A Hale businesswoman is on a mission to raise awareness for a blood cancer she has had for 22 years.

Faye Bala, 38, was diagnosed with Essential Thrombocythaemia (ET) as a schoolgirl at the age of 16.

At the time Ms Bala was living in Aberdeen, Scotland, and she realised something was wrong when she complained of horrendous headaches and, one day, she collapsed.

A blood test revealed she had a high number of cells called platelets.

Messenger Newspapers: Faye Bala

Ms Bala said: "When I was 16, I was diagnosed with a blood disorder. My doctor told me not to search for it as it might scare me and it had connections with cancer. 

"Since then the classification changed and my blood disorder – known as ET - is classified as a type of blood cancer."

Ms Bala is running a beauty business in Hale and, apart from a setback after the birth of her daughter, she is managing the condition with the help of a drug called Hydroxycarbamide.

It is only in the last year or so she started to talk about her condition in person and online, a process which she said has helped her to come to terms with the diagnosis.

Messenger Newspapers: Faye Bala

Ms Bala said: "I've always thought of it as a blood disease so it took a bit of time for me to come to terms with calling it blood cancer as I know for some people cancer can be life-threatening.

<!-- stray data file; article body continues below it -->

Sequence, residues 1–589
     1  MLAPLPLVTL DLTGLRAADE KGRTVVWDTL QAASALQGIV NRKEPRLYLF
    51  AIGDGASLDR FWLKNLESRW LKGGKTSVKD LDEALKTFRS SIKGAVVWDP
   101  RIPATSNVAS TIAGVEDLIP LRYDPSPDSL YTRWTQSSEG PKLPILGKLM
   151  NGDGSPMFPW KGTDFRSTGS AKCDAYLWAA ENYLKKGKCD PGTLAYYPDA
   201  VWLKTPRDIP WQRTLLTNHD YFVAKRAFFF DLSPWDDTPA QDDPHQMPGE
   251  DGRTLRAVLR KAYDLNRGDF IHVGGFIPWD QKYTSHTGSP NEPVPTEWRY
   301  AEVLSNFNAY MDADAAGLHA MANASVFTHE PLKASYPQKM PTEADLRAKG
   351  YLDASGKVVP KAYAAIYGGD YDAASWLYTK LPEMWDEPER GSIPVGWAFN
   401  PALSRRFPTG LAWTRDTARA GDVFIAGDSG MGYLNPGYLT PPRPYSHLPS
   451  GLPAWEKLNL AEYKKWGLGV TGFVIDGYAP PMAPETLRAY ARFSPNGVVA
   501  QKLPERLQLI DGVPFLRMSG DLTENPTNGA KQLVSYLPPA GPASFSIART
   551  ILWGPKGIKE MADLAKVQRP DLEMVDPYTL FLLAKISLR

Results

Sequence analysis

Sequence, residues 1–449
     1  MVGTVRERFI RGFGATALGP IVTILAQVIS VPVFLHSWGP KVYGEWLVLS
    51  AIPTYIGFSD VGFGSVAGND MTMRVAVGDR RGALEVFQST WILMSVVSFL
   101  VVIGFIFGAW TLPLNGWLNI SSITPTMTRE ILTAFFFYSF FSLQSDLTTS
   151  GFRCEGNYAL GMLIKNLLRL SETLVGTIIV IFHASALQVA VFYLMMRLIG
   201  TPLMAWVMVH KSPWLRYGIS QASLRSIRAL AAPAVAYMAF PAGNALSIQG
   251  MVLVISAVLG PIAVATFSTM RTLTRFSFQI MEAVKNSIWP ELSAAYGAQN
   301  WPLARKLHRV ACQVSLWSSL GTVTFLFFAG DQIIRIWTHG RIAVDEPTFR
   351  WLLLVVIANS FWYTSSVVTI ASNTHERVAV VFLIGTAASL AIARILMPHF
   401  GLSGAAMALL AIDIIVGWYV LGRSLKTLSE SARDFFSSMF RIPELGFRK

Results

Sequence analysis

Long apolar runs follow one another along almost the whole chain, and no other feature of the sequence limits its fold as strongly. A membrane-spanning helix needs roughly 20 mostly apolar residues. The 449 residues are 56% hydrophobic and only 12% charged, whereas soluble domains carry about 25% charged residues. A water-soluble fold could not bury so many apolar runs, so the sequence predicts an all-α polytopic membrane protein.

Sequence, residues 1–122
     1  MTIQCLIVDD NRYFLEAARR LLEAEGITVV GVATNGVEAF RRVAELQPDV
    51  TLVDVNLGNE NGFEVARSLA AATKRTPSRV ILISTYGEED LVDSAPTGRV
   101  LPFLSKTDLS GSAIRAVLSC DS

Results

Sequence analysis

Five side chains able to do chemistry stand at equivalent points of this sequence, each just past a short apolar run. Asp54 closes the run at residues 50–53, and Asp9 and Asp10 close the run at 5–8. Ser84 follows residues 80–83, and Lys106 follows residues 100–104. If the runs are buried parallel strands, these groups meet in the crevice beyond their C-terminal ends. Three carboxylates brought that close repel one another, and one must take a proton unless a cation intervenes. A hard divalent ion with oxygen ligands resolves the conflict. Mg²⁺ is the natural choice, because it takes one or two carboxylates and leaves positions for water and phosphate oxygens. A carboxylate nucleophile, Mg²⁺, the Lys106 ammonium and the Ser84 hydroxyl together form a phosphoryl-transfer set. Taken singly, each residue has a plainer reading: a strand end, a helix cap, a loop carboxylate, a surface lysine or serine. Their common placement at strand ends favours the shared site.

"Many of my clients were surprised to know I had this cancer for 22 years and it has been a talking point. There are many types of cancer. For me it’s something I can live with and I've always had to deal with."

Suzanne Roberts, the clinical lead for blood cancer at Greater Manchester Cancer Alliance, said: "I'd like to thank Faye for talking about what it is like to live with her type of blood cancer, ET. 

"There are many types of blood cancer. The well-known types include types of leukaemia and lymphoma.

"You should take particular notice of persistent symptoms which last for more than three weeks and seek advice from your GP if you are concerned. 

"On many occasions this won’t turn out to be cancer, but if a patient has symptoms which turn out to be cancer, the earlier it’s diagnosed the better."

For information go to the Macmillan website or the NHS website.

This article was written by Jack Tooth. To contact him, email jack.tooth@newsquest.co.uk or follow @JTRTooth on Twitter.